| It's over, they say. It's not.
Earlier this week, we reported on the end of Lance Armstrong's attempt to halt the arbitration process of the United States Anti-Doping Agency (USADA) through a lawsuit in federal court in Austin, Texas.
Judge Sam Sparks' thirty-page order denied Armstrong the equitable relief that he sought and gave USADA a green light to punish Armstrong after finding against him in the arbitration process or to punish Armstrong for not participating in the arbitration process. Articulating his decision within the confines of the law yet punctuating his opinion with commentary on the posture of the case, Sparks said in a footnote:
"USADA's conduct raises serious questions about whether its real interest in charging Armstrong is to combat doping, or if it is acting according to less noble motives."
As between punishment through arbitration or punishment for refusing arbitration, the world now knows which Armstrong chose.
So, what happens now?
Since Thursday night headlines have blared that Lance would lose his awards for cycling, most notably his seven Tour de France victories. The USADA moved quickly on Friday stripping Armstrong of, among other awards, his seven Tour de France titles, and banning him for life from cycling. That would seem to be the end of the matter.
It could be far from over.
Since Thursday night, debate has arisen whether the USADA actually has jurisdiction to strip Armstrong of his medals, or whether only the International Cycling Union (UCI) actually had the authority to take such drastic action, an argument Armstrong had already made in the federal lawsuit dismissed earlier this week.
No one has conclusively answered that question, and currently, the UCI is not talking, except to ask the USADA for the evidence it intended to use against Armstrong in the arbitration proceeding.
For now, however, Armstrong has either taken a principled position or made a brilliant tactical move. He may have done both. Remember, that for all the talk of Armstrong's endurance, grit, and athleticism, he won the Tour with more than just those attributes. Perhaps more than any athlete in recent memory, in his sport, Armstrong proved his dominance as a master strategist and tactician, most visibly in the Tour where he would use many of the stages merely to remain in contention until he could reach the mountain stages and simply obliterate any pretenders.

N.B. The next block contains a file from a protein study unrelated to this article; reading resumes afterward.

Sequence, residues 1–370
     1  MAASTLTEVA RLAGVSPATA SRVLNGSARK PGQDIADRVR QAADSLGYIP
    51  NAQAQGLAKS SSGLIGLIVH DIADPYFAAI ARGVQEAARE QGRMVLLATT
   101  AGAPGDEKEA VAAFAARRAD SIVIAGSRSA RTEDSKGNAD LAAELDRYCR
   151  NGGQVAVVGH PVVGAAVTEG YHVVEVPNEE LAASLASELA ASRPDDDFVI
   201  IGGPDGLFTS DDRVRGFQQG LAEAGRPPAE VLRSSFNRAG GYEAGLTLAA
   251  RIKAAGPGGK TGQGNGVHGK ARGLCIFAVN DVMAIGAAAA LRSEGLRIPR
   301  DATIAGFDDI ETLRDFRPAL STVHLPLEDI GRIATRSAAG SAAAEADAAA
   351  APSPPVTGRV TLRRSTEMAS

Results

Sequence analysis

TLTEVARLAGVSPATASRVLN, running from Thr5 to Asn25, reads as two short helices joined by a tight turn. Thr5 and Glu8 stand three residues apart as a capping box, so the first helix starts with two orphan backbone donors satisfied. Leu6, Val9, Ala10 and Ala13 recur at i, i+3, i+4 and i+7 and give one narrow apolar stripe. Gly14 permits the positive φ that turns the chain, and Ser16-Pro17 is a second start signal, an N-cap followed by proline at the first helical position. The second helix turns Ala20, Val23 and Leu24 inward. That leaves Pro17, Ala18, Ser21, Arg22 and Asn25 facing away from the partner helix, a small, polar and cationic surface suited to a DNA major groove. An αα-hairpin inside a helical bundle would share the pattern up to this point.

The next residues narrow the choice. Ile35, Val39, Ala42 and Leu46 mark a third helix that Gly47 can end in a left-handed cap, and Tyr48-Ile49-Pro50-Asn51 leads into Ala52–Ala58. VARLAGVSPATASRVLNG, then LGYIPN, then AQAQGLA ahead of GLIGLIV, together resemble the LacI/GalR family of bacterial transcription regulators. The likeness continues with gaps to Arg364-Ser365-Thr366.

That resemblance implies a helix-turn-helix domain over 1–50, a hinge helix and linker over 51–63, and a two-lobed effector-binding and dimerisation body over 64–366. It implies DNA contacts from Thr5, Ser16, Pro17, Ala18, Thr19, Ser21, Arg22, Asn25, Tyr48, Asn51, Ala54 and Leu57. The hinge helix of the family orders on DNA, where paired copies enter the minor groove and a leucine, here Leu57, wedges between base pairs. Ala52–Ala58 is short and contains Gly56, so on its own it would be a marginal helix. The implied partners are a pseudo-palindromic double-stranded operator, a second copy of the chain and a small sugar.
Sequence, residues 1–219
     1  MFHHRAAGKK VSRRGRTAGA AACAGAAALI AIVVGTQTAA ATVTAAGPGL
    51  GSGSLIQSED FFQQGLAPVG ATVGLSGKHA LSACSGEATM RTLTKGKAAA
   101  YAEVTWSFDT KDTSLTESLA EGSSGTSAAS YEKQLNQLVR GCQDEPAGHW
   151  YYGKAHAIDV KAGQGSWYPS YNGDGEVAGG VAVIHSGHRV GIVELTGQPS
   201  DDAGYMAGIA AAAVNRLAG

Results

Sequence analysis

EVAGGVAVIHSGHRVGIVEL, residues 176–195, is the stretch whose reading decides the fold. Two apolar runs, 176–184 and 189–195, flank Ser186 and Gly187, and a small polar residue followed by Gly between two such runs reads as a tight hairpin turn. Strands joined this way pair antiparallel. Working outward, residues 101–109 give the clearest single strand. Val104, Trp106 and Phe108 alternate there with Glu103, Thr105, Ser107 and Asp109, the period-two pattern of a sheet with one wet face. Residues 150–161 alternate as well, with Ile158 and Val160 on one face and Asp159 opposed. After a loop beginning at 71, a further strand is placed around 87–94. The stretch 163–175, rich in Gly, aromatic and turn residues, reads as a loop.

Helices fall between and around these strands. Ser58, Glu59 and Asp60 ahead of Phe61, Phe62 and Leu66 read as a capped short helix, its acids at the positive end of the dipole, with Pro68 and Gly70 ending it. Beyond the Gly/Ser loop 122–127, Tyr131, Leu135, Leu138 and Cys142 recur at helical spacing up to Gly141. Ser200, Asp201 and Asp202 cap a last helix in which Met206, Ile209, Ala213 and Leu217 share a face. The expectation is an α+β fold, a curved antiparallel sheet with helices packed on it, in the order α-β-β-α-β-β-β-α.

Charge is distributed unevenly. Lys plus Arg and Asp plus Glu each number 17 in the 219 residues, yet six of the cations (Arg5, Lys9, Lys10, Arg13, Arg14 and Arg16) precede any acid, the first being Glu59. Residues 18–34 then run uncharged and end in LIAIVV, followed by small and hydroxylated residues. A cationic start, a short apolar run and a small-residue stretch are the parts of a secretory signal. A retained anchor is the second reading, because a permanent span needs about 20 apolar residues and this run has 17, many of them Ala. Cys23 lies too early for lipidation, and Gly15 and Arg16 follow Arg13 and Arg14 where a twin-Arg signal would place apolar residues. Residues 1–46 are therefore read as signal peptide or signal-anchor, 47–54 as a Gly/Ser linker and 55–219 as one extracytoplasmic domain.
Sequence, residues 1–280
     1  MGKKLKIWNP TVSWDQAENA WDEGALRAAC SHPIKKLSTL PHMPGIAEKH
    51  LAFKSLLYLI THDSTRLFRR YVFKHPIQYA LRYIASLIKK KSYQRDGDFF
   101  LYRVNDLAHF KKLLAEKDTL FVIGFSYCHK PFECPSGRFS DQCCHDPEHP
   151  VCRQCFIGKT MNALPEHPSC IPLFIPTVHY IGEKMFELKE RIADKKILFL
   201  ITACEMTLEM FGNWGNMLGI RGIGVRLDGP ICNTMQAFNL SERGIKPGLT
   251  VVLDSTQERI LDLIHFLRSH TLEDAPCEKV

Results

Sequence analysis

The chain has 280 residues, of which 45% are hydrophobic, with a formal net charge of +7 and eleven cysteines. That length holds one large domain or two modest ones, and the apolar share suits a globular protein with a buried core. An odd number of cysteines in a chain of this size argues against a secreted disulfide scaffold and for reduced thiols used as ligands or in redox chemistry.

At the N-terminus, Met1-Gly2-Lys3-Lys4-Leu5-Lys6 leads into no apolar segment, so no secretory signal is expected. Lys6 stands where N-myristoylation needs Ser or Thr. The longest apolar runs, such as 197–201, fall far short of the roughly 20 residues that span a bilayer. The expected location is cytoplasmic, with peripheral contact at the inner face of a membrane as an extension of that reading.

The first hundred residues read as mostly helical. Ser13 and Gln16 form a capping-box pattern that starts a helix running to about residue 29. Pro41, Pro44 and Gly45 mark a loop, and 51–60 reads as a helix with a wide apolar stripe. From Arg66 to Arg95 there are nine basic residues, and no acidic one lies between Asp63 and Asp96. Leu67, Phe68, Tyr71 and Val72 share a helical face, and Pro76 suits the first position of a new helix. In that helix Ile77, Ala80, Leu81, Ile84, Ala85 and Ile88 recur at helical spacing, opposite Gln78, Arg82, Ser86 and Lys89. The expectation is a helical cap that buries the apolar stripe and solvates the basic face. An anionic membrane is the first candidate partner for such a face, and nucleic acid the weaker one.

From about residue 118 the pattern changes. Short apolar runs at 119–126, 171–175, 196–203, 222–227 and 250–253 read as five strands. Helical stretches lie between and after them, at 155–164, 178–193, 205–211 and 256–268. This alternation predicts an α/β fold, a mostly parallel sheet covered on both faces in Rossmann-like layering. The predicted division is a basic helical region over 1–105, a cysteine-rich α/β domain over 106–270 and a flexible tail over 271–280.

Eschewing the arbitration process, he avoided the disclosure of potentially devastating evidence. He relegated speculation about his doping to forever remain just that - mere speculation. He deprived the USADA of ever making a conclusive and binding factual or legal determination about his doping. He retained his consistently held righteous indignation and left the USADA with the burden of defending itself from charges that it was defending the law but neglecting justice, planted firmly on the wrong side of history.
He has also put the Tour de France and its organizers in an uncomfortable position, as this New York Times graphic points out. With the number of Tour contenders from Armstrong's racing years implicated by doping, to whom do the Tour's organizers actually award those surrendered titles who has not already been disqualified or hopelessly tainted?
Further, by accepting the process's harsh punishment for doping while avoiding that process, he has placed himself above the fray and above the process, fundamentally changing the debate, and arguably discrediting that process. He has now taken the position that this fight is no longer about the medals of one man, but rather about that one man's ability to continue advocating for cancer research and treatment. Thus, he burnishes his humanity and shows that even he, a man whose entire life is built on achievement in sport, recognizes that things other than sport take precedence.
And yet all of that analysis presupposes that the legal battle has, in fact, concluded. Pursuant to Rule 4 of the Federal Rules of Appellate Procedure , Armstrong still has 30 days from this week's order to appeal the decision. Which he may still do. Remember, this battle has been going on since 1999 with Armstrong's first Tour victory. See you in September.
In the meantime, what is Armstrong doing today?
Racing, of course.
Lance has ceased to fight. Lance fights still.